The Official
Website of the
International
Sailing Federation

www.sailing.org
7 December 2005, 11:51 am
Going Back Up The Hill
No ALT tag specified

Clipper Round The World Yacht Race 2005-2006

Over the next 24 hours, the skippers throughout the Clipper Round the World Yacht Race fleet should see their "Bearing to Waypoint" output on their GPS sets go from 91 degrees to 90 and then to just under 89 degrees. This means that they are now as far south as they need to go (Great Circle Route wise, not counting any lateral movement required for meteorological or tactical reasons) and start coming "back up" towards Fremantle, Australia.
This will be an important psychological marker for the journey from Durban, South Africa, and will also serve to remind the crews about the most important part of the race - the finish.

Going back to the start of the race, the first few days were marked by quite variable weather, caused by two major sources - the continent of Africa, and the western edge of the South Indian Ocean High. At the finish, the weather will become variable again - due to the effect of the continent (island?) of Australia and the eastern edge of the same high. The illustration shows the rough outline of the ridge going from the high towards Australia, and this goes right over Fremantle itself. This means that as the fleet approaches the coast they will have less constant breeze, and will also have to contend with the swirls and eddies of current that will occur as the Southern Ocean current is deflected by the continental shelf.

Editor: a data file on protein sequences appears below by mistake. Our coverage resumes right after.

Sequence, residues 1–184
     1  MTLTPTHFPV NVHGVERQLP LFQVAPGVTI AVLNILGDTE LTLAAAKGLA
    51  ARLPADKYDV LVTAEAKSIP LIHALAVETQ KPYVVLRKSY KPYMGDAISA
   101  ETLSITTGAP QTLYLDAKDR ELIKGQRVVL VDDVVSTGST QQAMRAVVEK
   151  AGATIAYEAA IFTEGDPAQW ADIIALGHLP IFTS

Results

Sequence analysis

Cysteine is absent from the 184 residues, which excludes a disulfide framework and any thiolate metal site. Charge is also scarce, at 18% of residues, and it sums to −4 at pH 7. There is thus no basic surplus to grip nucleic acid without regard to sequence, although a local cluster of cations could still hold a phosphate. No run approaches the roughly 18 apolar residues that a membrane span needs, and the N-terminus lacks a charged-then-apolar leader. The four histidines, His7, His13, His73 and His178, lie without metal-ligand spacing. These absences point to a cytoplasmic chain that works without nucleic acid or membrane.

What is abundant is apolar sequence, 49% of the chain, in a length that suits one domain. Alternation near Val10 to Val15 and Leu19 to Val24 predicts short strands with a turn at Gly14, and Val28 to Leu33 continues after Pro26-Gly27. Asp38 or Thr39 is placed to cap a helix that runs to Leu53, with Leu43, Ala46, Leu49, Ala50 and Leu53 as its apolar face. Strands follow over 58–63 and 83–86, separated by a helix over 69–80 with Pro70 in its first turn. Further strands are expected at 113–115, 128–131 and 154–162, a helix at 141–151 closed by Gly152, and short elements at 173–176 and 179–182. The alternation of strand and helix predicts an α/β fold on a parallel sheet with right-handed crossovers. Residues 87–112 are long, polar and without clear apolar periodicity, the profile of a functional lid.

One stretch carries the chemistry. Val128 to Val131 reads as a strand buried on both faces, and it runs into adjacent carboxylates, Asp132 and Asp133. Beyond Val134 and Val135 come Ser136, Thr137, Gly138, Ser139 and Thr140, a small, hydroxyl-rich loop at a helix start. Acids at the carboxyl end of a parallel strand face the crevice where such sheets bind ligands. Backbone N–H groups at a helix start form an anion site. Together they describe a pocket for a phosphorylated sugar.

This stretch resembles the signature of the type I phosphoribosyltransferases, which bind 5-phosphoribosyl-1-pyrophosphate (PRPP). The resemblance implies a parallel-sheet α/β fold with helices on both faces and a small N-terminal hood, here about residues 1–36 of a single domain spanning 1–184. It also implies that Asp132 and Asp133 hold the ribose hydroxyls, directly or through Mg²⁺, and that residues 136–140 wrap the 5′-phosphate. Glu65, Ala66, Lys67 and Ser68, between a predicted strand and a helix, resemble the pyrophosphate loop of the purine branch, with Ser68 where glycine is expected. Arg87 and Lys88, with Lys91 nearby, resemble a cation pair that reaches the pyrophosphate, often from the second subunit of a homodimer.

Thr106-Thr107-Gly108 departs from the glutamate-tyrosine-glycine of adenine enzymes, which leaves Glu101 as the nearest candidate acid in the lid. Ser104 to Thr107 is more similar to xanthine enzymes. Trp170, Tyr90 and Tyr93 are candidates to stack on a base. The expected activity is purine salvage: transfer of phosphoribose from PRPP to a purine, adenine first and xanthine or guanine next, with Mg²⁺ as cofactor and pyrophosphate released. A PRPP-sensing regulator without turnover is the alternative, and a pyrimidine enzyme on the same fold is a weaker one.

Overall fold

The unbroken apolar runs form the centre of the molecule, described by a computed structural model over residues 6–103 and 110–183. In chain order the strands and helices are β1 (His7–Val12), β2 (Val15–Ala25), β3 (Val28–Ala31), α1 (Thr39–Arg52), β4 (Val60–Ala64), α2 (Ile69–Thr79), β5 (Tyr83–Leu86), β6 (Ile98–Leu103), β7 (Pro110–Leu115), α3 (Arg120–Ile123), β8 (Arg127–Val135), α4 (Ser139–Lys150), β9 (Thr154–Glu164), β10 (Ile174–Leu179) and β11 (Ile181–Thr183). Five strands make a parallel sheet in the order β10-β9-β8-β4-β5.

This is the place where large losses or gains will be made. The current position is giving the fleet great sailing conditions, but not that many passing opportunities. This is because the wind is relatively constant over the fleet, so that most gains or losses will be incremental rather than massive. So the leaders will be hoping to hit the last couple of days of the race with as large a buffer as possible, and those trying to catch up will be paying close attention to the yachts ahead, and if any of them 'park up' they will try and sail round that particular hole in the wind.

Over the last 24 hours the leaderboard has been reasonably stable. Jersey Clipper are no longer the most southern yacht, and over the last 48 hours have moved up from eighth to fifth, and are a whole mile behind Qingdao in fourth position, which will be welcome news for Mark TAYLOR and his crew, if somewhat worrying for Danny WATSON on Qingdao. Durban and Victoria are still leading the mileage runs, with Durban just ahead and just over 2,000 nm from the finish, but Glasgow, Western Australia and New York are all averaging over ten knots, so the difference in speed is minimal. This is where concentration pays such a large part. If your boat sails one hundredth of a knot faster, on average, that equates to 1.68 miles per week. Over a three week race that is a shade under five miles - looking at the closeness of some of the finishes so far that could make a two point difference at the end of the race.

Event Media (As Amended By ISAF). Image Durban Clipper are leading the race to Freemantle:© Clipper Ventures Plc
Share this page
Isaf TV
Latest News
News Archive
© 2014 Copyright ISAF/ISAF UK Ltd. All Rights Reserved Privacy & Cookies delivered by Sotic powered by OpenText WSM